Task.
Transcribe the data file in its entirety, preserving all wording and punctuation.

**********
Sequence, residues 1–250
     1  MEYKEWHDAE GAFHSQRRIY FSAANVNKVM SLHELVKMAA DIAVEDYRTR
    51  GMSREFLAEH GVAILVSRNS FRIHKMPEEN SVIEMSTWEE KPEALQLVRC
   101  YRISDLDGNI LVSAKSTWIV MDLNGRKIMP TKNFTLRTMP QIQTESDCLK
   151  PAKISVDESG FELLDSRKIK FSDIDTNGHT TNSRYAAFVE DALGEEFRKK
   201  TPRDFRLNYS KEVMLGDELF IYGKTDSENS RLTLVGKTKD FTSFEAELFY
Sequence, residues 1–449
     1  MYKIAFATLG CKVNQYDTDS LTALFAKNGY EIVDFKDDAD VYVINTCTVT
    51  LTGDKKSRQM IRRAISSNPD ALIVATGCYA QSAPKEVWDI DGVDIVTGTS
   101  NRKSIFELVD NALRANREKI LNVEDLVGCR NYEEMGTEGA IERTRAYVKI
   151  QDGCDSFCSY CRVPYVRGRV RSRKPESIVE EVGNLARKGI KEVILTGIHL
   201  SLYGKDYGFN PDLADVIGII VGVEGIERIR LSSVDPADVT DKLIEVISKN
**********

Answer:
Sequence, residues 1–250
     1  MEYKEWHDAE GAFHSQRRIY FSAANVNKVM SLHELVKMAA DIAVEDYRTR
    51  GMSREFLAEH GVAILVSRNS FRIHKMPEEN SVIEMSTWEE KPEALQLVRC
   101  YRISDLDGNI LVSAKSTWIV MDLNGRKIMP TKNFTLRTMP QIQTESDCLK
   151  PAKISVDESG FELLDSRKIK FSDIDTNGHT TNSRYAAFVE DALGEEFRKK
   201  TPRDFRLNYS KEVMLGDELF IYGKTDSENS RLTLVGKTKD FTSFEAELFY
Sequence, residues 1–449
     1  MYKIAFATLG CKVNQYDTDS LTALFAKNGY EIVDFKDDAD VYVINTCTVT
    51  LTGDKKSRQM IRRAISSNPD ALIVATGCYA QSAPKEVWDI DGVDIVTGTS
   101  NRKSIFELVD NALRANREKI LNVEDLVGCR NYEEMGTEGA IERTRAYVKI
   151  QDGCDSFCSY CRVPYVRGRV RSRKPESIVE EVGNLARKGI KEVILTGIHL
   201  SLYGKDYGFN PDLADVIGII VGVEGIERIR LSSVDPADVT DKLIEVISKN